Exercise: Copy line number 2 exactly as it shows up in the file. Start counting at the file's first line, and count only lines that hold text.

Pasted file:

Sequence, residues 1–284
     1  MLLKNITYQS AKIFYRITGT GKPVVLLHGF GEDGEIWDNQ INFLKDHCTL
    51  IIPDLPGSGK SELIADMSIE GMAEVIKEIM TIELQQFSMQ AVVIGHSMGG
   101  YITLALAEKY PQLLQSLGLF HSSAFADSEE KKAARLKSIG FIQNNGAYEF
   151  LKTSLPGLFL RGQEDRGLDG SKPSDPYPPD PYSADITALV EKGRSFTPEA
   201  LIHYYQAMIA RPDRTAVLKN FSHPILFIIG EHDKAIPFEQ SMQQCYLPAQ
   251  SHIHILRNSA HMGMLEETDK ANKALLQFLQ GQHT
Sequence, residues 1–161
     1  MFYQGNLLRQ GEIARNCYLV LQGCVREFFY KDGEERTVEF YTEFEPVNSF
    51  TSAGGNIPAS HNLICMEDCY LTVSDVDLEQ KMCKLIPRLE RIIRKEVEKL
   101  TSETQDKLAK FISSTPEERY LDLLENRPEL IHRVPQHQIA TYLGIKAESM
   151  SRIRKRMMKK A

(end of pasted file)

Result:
     1  MLLKNITYQS AKIFYRITGT GKPVVLLHGF GEDGEIWDNQ INFLKDHCTL